Michael Douglas in King of California

He's glorified greed, fended off a psycho ex-girlfriend and even served as president of the United States -- but at heart, Michael Douglas has always been plain ol' crazy. In King of California, a festival crowd-pleaser from first-time director Mike Cahill, Douglas is Charlie, who's just been released from a mental institution and is convinced that there's Spanish treasure buried under the local Costco; Evan Rachel Wood, as his teenaged daughter, plays Dulcinea to his Don Quixote. Though Douglas has always excelled at playing characters who are slightly unhinged (as Kim Voynar notes in her review), Charlie is what you'd call certifiable, and in a way this role brings Douglas back full circle -- he did, after all, launch his movie career by producing an indie about nutjobs called One Flew Over the Cuckoo's Nest. After endearing himself forever to this interviewer by chatting at length about the finer points of Cal football (go Bears!), Douglas spoke easily about his attitudes on directing, his lovely co-star and his recent return to madness.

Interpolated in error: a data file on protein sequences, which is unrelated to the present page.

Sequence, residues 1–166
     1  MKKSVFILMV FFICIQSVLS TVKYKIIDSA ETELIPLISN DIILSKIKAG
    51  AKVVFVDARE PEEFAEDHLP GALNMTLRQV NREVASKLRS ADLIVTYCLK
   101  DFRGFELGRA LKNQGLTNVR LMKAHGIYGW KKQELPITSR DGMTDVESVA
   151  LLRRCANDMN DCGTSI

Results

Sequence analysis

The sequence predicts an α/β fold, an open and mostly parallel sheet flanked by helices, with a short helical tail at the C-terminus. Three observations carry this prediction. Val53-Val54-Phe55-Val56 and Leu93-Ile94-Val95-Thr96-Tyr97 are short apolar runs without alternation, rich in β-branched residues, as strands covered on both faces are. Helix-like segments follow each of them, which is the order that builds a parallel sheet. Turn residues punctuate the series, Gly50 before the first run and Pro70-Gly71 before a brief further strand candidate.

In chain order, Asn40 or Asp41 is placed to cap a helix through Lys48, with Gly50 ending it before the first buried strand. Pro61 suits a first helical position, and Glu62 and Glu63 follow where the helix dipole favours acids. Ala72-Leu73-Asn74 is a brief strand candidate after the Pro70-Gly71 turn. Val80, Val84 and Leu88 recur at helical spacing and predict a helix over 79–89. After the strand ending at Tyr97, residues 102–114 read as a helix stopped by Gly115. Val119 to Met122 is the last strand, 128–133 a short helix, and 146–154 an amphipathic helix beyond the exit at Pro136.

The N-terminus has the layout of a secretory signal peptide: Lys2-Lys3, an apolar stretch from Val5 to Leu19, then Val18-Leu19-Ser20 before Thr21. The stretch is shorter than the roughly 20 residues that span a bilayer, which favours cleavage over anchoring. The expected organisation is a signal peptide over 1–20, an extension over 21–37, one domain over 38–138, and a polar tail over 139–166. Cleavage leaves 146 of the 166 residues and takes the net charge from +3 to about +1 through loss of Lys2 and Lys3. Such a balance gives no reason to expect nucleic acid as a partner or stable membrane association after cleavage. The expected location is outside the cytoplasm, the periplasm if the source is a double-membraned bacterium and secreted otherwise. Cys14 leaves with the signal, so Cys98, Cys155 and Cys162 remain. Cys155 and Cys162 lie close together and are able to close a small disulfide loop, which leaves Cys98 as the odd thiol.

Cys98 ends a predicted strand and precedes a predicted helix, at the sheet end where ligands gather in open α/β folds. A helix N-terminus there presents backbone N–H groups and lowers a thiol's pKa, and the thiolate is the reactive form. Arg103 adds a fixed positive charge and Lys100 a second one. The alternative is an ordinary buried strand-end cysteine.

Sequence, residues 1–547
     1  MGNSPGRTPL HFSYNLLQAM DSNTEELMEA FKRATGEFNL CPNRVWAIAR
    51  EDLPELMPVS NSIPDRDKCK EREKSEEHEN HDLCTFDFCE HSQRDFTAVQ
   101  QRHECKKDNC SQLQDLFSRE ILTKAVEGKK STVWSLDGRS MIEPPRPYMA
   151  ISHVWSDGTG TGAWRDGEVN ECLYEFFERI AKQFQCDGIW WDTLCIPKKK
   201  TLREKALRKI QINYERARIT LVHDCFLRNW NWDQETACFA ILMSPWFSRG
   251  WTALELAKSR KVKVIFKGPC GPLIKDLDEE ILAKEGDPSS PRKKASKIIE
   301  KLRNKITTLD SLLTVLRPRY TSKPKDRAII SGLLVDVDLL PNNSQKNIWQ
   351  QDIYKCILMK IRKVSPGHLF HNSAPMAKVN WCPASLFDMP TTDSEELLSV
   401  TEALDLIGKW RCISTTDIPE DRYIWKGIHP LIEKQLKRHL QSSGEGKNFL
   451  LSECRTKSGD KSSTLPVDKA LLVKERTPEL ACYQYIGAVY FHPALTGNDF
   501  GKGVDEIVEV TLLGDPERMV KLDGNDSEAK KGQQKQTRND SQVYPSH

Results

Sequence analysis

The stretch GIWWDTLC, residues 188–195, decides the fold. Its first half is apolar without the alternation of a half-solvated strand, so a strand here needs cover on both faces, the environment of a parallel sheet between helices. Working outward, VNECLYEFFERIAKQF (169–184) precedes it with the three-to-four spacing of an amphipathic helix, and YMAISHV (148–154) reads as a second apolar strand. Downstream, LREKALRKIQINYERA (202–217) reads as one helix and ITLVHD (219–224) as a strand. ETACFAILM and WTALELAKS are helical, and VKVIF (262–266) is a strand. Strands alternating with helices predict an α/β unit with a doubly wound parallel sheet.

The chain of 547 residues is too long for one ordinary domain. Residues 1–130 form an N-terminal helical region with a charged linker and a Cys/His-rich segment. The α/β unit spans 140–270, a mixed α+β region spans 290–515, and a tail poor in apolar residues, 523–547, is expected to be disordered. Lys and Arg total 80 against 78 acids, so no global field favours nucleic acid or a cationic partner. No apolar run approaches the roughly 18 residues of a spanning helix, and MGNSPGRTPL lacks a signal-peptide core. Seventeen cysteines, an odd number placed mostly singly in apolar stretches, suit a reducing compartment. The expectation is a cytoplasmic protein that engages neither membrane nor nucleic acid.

Cinematical: It's rare to see you in an indie. Do you think that's because you see fewer smaller scripts these days, or do they just not jump out at you?

Michael Douglas: First of all, my whole career began in indie pictures to a large degree. I don't know. You know, I just haven't been been offered ... maybe people just get intimidated. I've had a few, but I haven't made that many movies really since I got married. If you look back, since 2000 I've only done about four pictures or something like that, so maybe that has something to do with it.